The New York Legislature will convene in the coming weeks to solve a near $15 billion spending overage, sparked by excessive expenditures in Albany and a slowing economy. New York has increased spending by a staggering 12.4% since 2003, while population increased by only 0.5% during the same period.
Unfortunately, Governor David Paterson proposed a budget that continues this reckless trend with $4.1 billion in 137 tax and fee hikes on consumers, businesses, and families. Furthermore, the governor’s budget increases expenditures by $1.4 billion – the same fiscal irresponsibility that caused the state’s current budget crunch. The governor’s misguided budget proposal includes everything from taxing soft drinks to music downloads to simply being a security guard.
New York residents, click here now to write your legislator and urge them to stand up for taxpayers and oppose any tax hike during the budget debate.
Below is ATR’s letter to the New York Legislature and Gov. Paterson. Click here for a PDF version.
Dear Members of the New York Legislature,
As New York faces serious budgetary challenges, it is critical now more than ever to oppose attempts to increase taxes. In the face of a slowing economy, tax hikes will hit hardworking New York families, consumers, and businesses the hardest and further diminish the state’s economic growth.
New York’s current budget crisis was not caused by taxes being too low. The state’s budget crisis was caused by a slowing economy combined with unsustainably high government spending. New York has increased spending by a staggering 12.4% since 2003, while population increased by only 0.5% during the same period. Now the state faces an estimated $15 billion spending overage by next year. Excessive spending caused this problem and spending restraint – not tax increases – is the solution.
Despite stating flatly in November that “there will be no tax increase” in the Executive Budget, Governor Paterson has proposed a budget that contains $4.1 billion in 137 new tax, fee, or fine increases. Furthermore, the governor’s budget contains a $1.4 billion increase in expenditures – the very spending that started the current crisis. This egregious set of proposed tax hikes hit everything from alcohol beverages, soft drinks, and tobacco, to rental cars, digital downloads, television, and movies.
Governor Paterson’s executive budget contains numerous so-called “sin taxes” that hurt both consumers and small businesses. Under the guise of public health, but with the sole purpose of raising revenue, a case of beer could cost 30-cents more and the tax on a bottle of wine would more than double in New York. Additionally, polls show that at least 70% of citizens oppose a new 18% “obesity” tax, which could make a non-diet can of soda cost 25-cents more. Cigar consumers and tobacco retailers would also see tax and fee increases.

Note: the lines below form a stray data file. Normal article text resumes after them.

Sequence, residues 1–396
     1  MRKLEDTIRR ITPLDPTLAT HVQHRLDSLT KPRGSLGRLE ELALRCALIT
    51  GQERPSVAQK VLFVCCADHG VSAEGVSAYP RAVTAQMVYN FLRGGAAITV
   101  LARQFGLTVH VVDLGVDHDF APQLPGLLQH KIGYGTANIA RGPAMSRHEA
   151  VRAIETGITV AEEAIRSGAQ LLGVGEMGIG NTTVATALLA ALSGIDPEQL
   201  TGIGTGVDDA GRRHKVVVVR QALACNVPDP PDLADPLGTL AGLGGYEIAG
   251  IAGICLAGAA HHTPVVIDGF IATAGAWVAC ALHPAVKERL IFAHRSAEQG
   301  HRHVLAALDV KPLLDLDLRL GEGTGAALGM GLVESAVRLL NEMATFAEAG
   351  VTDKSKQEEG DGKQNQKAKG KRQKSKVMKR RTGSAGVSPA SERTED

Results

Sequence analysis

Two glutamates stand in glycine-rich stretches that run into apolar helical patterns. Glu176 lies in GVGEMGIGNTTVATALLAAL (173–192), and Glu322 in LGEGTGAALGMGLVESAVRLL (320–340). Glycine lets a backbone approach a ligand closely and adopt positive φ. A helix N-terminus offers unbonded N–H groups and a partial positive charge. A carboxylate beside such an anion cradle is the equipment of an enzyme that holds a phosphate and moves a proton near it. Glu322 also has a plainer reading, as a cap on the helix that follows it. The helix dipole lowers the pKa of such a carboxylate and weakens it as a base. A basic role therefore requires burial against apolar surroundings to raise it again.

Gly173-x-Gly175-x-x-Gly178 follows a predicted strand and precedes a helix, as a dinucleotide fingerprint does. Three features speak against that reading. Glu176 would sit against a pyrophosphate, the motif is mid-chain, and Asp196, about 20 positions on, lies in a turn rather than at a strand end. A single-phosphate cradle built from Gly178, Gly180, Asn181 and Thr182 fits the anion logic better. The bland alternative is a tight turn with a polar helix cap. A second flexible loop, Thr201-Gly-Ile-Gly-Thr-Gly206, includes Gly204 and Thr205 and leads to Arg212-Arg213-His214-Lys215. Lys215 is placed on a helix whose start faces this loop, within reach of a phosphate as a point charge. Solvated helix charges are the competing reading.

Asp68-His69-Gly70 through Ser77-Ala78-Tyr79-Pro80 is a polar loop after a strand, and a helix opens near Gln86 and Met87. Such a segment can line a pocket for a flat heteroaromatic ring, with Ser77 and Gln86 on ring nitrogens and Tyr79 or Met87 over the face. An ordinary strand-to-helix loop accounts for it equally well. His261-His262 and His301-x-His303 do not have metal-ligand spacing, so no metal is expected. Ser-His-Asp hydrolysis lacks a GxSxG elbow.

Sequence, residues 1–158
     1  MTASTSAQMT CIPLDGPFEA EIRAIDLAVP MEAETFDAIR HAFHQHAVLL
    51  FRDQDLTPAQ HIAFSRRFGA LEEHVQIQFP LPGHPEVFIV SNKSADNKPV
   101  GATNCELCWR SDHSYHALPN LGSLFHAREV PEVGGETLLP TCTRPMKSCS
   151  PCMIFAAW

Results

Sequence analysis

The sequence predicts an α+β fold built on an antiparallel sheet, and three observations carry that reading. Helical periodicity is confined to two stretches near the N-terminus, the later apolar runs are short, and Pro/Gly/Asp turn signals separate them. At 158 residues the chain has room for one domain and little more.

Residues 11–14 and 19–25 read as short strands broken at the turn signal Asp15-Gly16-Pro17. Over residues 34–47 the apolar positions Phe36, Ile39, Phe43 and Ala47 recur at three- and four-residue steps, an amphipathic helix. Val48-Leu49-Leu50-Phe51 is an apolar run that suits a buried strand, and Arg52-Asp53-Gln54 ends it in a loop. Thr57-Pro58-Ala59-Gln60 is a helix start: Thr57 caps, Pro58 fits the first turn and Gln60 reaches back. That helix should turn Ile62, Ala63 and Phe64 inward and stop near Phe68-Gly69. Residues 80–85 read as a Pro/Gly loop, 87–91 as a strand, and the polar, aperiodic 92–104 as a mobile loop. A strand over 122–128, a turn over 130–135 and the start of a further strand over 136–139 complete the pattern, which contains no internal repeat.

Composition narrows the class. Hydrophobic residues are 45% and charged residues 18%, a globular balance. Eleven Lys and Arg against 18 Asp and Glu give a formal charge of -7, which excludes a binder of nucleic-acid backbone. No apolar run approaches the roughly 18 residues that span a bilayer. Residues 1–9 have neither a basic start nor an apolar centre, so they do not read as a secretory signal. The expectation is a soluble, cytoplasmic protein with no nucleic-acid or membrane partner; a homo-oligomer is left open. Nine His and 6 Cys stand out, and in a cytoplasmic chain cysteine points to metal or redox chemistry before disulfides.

These so-called “sin tax” proposals don’t just hit the pocketbooks of New Yorkers; they hurt small businesses. Soft drinks and other beverages comprise 13% of convenience store sales and beer comprises 11%. With higher prices, these businesses will see decreased sales. Furthermore, these taxes are declining sources of revenue. It is absurd to argue that a tax hike will decrease the number of people buying a product and simultaneously increase tax revenues – when prices go up, consumption declines, and it takes the tax revenue with it.
The Governor is also calling for a 20% increase in the car rental tax and eliminating the cap on the gasoline sales tax, thus paving the way for a higher gas tax. Increasing the rental car tax will not export the tax burden to visitors and tourists, but will hit local businesses and residents hardest.
Taxing digital downloads like music, books, and movies will severely impede interstate commerce. Taxing music and movie downloads will only encourage more illegal downloading at a time when legitimate digital music and movie services are establishing an online market. Furthermore, the budget also seeks to expand the definition of “nexus” for internet sales, requiring out-of-state businesses with no physical presence in New York to collect tax on purchases. This unfairly puts the burden on businesses not located in New York to collect New York taxes and disrupts commerce between states. A similar measure, known as the “Amazon tax” is currently undergoing legal challenge in New York.
The budget also contains a local option for cities to tax wireless service, despite New York currently having the fourth highest tax on wireless consumers nationwide. The Center for Fiscal Accountability has calculated that 46.4% of the cost of wireless service already goes toward paying for government taxes and fees.
Lastly, by extending the state sales tax to cable and satellite services, well over 90% of New Yorkers would see their monthly utility bills rise. Cable television subscribers alone could see their utility bill taxes rise to over 13% per month if the governor’s package is passed.
It is critical to revitalize the New York economy with tax cuts, not tax increases. We must lift the burden of larger government from the backs of hardworking taxpayers, consumers, and businesses instead of further depressing the state’s economic activity. As you continue to weigh options to rectify the state’s overspending problem, I urge you to stand up for taxpayers and oppose all tax increases. If you have any questions, please contact Kelly Cobb, state affairs manager, at (202) 785-0266.
President, Americans for Tax Reform
CC: Governor David Paterson